What is the Shirley Chisholm Project?

The Shirley Chisholm Project of Brooklyn Women’s Activism is a repository of women’s grassroots social activism in Brooklyn since 1945 and ongoing in the present. The archive consists of documents and other materials, including oral histories, from people who knew or worked with Chisholm, as well as from the extraordinary diversity of women’s activism in Brooklyn. The Shirley Chisholm Project’s goal is to sustain Chisholm’s legacy as a path breaking community and political activist. Click here for more information on the Shirley Chisholm Project.

Meet Shirley Chisholm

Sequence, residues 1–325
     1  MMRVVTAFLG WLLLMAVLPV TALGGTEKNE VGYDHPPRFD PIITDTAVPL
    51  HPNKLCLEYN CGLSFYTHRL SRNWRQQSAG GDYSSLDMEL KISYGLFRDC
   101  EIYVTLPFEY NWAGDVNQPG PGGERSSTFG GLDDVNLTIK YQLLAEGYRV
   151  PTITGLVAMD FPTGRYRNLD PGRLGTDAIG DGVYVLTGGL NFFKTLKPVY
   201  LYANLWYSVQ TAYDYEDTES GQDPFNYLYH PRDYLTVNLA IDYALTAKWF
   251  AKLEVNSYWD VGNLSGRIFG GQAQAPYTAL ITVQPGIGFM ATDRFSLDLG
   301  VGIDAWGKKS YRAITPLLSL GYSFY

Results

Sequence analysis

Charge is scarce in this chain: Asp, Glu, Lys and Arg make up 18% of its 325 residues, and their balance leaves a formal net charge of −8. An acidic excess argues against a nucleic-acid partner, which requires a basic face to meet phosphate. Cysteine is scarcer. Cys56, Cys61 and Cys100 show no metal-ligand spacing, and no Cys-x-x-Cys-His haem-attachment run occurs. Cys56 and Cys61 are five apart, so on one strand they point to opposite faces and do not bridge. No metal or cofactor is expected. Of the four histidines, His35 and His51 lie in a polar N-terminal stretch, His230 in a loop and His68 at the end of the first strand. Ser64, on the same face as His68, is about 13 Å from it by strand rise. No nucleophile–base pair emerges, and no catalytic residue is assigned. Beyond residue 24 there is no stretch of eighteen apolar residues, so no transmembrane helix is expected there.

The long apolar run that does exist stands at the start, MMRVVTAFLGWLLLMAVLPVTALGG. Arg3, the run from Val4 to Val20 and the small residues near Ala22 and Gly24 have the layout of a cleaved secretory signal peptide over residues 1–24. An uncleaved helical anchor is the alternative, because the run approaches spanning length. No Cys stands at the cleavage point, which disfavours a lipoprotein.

Born in the U.S. of immigrant parents, (November 30, 1924-January 1, 2005), she lived in the Caribbean as a child, returned to Brooklyn as a teenager, and graduated in 1946 from Brooklyn College. Immediately she plunged into activism with a variety of educational, religious, immigrant, community, political, and social organizations. In 1964, she was elected to the New York State Assembly and in 1968 was the first African American woman elected to Congress (from Brooklyn’s twelfth congressional district). In 1972 she was the first African American and the first woman to mount a serious campaign for the Democratic Party nomination for President of the US. She received 151 delegate votes. As a feminist, civil rights activists and internationalist, Chisholm championed the rights of the economically and racially marginalized, and was an ardent supporter of childcare and education for all.